Competing for top billing is Honolulu by Alan Brennert, and – a totally different genre – A Dog’s Purpose, by W. Bruce Cameron.
I met Alan Brennert at a book-reading at Orinda Books and have been a fan ever since. He weaves a heartwarming story in Honolulu about a young Korean girl who wants more in life than her confining birthright. Jin/Gem decides to become a “picture bride” and travels to Hawaii to discover her new husband is not quite how he presented himself and his life is certainly not what she imagined. Her existence is in the pineapple plantations and in canneries, where she toils – and triumphs – to better herself. As time goes on the Korean picture brides come together, help each other and finally climb out of poverty and lead comfortable and happy lives. Much research went into this accurate portrayal of Oahu. As a frequent visitor and a lover of Hawaii I really enjoyed this story as much as his Molokai. Anyone who likes a good yarn will appreciate this novel.
A Dog’s Purpose by W. Bruce Cameron. This wise and magical book is about one endearing dog’s quest for his purpose through several reincarnated lives. A delightful dog story, but also at a deeper level it asks the age-old question, “why are we here?” Bailey is astounded to find himself reborn as a boisterous puppy into the loving home of 8 yr. old Ethan. This dog is a being so caring, affectionate and “highly evolved” he deserves sainthood, yet Bailey seems like a very real character. Does he exist somewhere? He will make you laugh and cry and affirms that love never dies. (Alas at least one of his lives is quite sad, but Cameron adapted a version for young readers which I bought for my granddaughter.)
Have you read any of these books? Do you have others to recommend?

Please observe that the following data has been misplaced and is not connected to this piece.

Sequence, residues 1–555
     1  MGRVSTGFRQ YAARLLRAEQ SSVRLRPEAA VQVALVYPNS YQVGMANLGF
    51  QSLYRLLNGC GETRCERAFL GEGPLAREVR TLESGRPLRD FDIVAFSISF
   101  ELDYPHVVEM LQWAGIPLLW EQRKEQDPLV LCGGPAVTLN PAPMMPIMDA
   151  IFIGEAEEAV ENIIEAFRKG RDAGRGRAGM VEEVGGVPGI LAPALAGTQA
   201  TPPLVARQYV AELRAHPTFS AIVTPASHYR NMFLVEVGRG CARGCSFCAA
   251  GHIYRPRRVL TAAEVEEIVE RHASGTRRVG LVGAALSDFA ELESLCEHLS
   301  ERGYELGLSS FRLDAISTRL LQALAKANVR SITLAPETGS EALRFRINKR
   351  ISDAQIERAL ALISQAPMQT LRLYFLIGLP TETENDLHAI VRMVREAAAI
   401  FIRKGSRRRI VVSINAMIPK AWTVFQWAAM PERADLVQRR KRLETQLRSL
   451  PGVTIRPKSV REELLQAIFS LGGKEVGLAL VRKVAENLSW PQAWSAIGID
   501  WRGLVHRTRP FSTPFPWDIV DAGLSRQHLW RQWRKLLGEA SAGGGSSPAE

I’ll add a few other books I enjoyed this year in my next post. Meanwhile HAPPY NEW YEAR and keep reading!
READERS: Smashwords is having an End of Year Sale on e-books which runs only through January 1. “Discover tens of thousands of deep-discounted e-books from thousands of the world’s best indie authors and publishers.”
(OK there’s some junky books on the list but also some good ones, I especially noted good biographies at 75% off.) You can pick up some books for only a $1 (like mine 😉 ) to $3 – there are even some freebies.
Last year California had record breaking fires – that record held for almost 100 yrs. Now we’ve broken last year’s record for the most destructive fire ever. Normally we would have had rains by now and “fire season” would be over – and acres of land and homes – not to mention lives, would not have been lost. We haven’t had any rain since early spring and the land is very dry. ( In October, San Francisco had weeks of temperatures breaking 80 degrees and in November it was in the 70’s – until the fires darkened the skies.)
The town of Paradise is Paradise no more, in fact very little is left of it. People have died and many more are homeless in this area… because of global warming. Think about that.
Although we live 180 miles south-southwest of the big Butte Co. fire, we are being advised to stay indoors with windows closed. Public schools are closed from Butte Co to well south of San Francisco; even the Cable cars shut down, as we now have the dirtiest air in the world. The skies vary from hazy to a dirty orangey color and are predicted to continue this week to plague us.
Taken at noon – smoke blocking the sun.
It has been 8 days now since that fire started (there are others). Yesterday it was announced it was only 40% contained; today they say they are making progress.
In the first days, the sun’s rays were sometimes bent to cast an unusual gold-red glow that was ironically pretty. It reminds me of the shadows we saw during an eclipse. Smoke particles filter sunlight, scattering short wavelengths and leaving the longer reddish wavelengths of the light spectrum behind. This allows more orange and red colors to pass through the smoke.
I have a cough and sore eyes, but the bigger picture is… that smoke is coming from people’s lost homes. There are horror stories of people running from the flames into swimming pools and creeks, but you read the news. My heart goes out to the thousands affected.